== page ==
The only potential problem I experienced was the inability of referees to correctly interpret some of these sophisticated collisions. Instead of easily dividing challenges into 'foul' or 'no foul', the Player Impact Engine adds a whole spectrum of ambiguity into the mix, and the ref makes mistakes. But this is a problem not exclusive to FIFA 12; it's an issue inherent to football itself. What would a game of football be without the odd suspect decision to rail against? Accidental or intentional, it once again brings the sim closer to the reality.
In addition to such major game-play changes, there are myriad new features in the new FIFA 12 but some of the standout ones include improvements to the Career mode. For those who spend hours in the manager's dugout, the drama is said to be much closer to the real thing. And while that may be the case, it certainly teaches you to play careful attention to the statistics
For most, progress is tediously slow, but player logic has been improved and the game does its best to simulate various aspects of the modern game - from the drama of transfer deadline day activity to the petulant whimsy of the modern-day footballer. The scouting system and youth academy have even been thrown in for good measure too, but all of it is displayed in such an insipid manner, in layers of static menus, that it can be a fairly bland, sterile experience.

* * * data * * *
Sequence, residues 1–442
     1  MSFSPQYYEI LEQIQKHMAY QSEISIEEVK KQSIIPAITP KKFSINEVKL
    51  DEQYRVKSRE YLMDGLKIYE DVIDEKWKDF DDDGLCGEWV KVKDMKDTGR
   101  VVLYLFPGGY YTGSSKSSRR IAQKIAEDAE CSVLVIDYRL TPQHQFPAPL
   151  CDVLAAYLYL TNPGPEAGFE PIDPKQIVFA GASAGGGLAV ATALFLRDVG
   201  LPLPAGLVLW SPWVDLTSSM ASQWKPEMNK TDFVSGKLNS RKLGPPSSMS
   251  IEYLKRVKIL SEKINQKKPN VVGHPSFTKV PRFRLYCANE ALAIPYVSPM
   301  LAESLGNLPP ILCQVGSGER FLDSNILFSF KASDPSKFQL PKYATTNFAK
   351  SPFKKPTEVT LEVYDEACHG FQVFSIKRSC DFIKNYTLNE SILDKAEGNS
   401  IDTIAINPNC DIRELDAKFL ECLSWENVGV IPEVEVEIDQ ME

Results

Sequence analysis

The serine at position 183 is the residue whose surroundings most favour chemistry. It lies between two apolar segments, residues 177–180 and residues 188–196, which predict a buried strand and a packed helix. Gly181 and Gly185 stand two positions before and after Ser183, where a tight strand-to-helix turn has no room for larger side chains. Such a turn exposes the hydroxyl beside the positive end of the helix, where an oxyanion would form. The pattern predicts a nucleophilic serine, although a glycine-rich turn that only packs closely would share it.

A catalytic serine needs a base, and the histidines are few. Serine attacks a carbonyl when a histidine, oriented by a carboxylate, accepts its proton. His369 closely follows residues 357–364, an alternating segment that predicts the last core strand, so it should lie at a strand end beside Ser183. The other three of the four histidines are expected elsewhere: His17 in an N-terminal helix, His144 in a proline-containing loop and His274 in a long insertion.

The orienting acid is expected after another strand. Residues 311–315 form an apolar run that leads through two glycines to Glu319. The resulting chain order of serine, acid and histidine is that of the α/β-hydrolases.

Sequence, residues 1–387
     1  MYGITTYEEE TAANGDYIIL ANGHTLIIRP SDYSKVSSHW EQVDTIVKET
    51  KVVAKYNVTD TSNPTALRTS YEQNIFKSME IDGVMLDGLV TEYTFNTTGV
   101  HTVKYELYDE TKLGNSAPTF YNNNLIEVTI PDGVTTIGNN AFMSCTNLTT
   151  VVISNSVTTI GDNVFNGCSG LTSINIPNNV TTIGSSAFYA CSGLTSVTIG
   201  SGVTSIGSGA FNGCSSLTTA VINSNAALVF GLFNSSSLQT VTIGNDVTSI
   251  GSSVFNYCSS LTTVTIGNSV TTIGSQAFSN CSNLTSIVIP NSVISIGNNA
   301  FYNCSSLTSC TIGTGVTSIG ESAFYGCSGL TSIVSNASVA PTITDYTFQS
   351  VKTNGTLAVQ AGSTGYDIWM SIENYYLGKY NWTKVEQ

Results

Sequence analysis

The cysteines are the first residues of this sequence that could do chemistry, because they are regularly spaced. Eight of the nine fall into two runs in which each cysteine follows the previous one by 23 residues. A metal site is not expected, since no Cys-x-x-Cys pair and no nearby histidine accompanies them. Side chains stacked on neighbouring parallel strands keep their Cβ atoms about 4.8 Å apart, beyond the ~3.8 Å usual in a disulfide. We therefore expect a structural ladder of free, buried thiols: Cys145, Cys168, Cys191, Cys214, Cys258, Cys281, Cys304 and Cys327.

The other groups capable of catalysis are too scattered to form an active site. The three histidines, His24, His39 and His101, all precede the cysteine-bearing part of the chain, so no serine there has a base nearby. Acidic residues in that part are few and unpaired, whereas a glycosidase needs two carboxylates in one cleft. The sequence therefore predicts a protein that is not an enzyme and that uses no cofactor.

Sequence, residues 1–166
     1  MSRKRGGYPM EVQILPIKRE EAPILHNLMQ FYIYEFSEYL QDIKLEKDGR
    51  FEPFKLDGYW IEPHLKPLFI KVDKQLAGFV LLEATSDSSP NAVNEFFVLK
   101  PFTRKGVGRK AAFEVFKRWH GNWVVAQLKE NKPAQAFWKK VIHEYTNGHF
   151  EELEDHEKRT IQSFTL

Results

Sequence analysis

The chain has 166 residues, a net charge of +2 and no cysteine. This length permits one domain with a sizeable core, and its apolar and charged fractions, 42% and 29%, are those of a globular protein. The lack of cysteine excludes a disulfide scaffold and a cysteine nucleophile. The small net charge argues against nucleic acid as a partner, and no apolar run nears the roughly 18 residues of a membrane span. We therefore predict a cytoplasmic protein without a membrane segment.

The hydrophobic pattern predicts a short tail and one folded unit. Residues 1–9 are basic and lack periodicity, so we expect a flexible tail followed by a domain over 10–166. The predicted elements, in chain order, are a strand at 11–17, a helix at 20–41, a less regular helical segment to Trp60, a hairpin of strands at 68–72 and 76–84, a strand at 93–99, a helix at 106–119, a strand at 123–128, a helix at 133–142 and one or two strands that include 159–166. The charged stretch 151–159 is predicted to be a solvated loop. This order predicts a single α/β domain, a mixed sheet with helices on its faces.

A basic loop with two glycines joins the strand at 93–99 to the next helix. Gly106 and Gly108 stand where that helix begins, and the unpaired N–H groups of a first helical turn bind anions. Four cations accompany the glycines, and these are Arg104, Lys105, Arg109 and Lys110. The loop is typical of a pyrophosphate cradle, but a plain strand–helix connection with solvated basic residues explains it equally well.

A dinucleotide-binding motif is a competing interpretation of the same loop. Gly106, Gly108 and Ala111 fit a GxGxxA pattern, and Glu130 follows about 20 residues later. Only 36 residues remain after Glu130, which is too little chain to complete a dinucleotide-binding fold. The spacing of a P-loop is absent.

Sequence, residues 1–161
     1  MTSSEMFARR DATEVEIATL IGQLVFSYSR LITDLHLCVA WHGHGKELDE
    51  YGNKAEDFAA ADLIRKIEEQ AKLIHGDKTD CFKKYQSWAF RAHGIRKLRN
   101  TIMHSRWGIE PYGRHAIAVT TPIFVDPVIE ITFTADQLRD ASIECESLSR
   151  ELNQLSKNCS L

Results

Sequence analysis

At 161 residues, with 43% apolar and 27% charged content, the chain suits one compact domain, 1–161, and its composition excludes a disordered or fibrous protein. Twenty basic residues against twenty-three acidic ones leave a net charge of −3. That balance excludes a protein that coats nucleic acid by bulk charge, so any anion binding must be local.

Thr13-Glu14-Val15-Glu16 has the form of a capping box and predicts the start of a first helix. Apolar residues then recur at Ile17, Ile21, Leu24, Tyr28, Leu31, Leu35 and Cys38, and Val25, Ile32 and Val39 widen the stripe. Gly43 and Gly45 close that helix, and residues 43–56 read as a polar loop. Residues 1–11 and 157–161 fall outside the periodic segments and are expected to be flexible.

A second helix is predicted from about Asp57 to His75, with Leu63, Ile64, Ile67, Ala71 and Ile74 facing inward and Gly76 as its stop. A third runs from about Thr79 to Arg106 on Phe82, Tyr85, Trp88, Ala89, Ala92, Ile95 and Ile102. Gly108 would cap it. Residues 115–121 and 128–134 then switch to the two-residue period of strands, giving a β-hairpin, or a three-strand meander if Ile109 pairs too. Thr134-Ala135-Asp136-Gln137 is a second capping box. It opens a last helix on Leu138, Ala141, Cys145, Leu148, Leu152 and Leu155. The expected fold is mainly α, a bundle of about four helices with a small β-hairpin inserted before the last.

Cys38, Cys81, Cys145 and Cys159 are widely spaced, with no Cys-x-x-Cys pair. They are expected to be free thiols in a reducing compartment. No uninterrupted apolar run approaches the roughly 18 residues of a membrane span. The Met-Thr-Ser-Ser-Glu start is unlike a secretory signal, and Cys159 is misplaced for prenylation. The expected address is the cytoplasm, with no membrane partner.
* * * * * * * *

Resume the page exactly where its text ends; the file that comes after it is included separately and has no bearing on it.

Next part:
EA Sports Football Club promises to provide players with challenges ripped right from that week's newspaper back pages. Whether this is a successful feature, I can't say at this moment because the servers don't go live until after launch, but if EA supports this feature all-year round - as it has done with previous online features - with innovative scenarios it really could prove to be a wonderful addition. Only time will tell.
Presentation is another one of FIFA 12's many strengths. Everything is slick and sumptuous, from the team selection screens to the brilliantly polished graphics that preface each match and FIFA's access to official licensing means it remains unrivalled in terms of authenticity. From the stellar Barcelona to the humble Accrington Stanley, teams look the way they should. The likenesses of the top players are at times uncanny, though they do suffer from deadeye syndrome from time to time. Stadiums and lighting effects help sell the illusion too but crowds, while convincing from a distance, look suspiciously related when seen in close-up shots.
Just one of the subsidiary modes is Ultimate Team - wherein you earn, buy, sell, and trade players in the hope building your very own Galácticos - is available for the very first time at launch. Since its launch with FIFA 09 it's been a huge hit, with millions of in-game card packs being purchased. So it's no surprise that it's been included on the disc this year. You'll start with a fairly meager bunch of players, and through hard graft or by splashing actual money you can improve the quality of your team. Previously only available as post-release paid DLC, the inclusion of Ultimate Team makes FIFA 12 even better value.
But no matter what mode you choose to experience in FIFA 12 you still get the same incredible game-play.
Thankfully, FIFA 12 has not innovated simply for the sake of it. The game-play innovations greatly improve the way FIFA plays. Matches unfold with a more authentic tempo, taking it much closer to the real thing. Revolution? Evolution? Who really cares. More importantly, is FIFA 12 the best football game in the world? I don't think so. But I'd put it in my top one.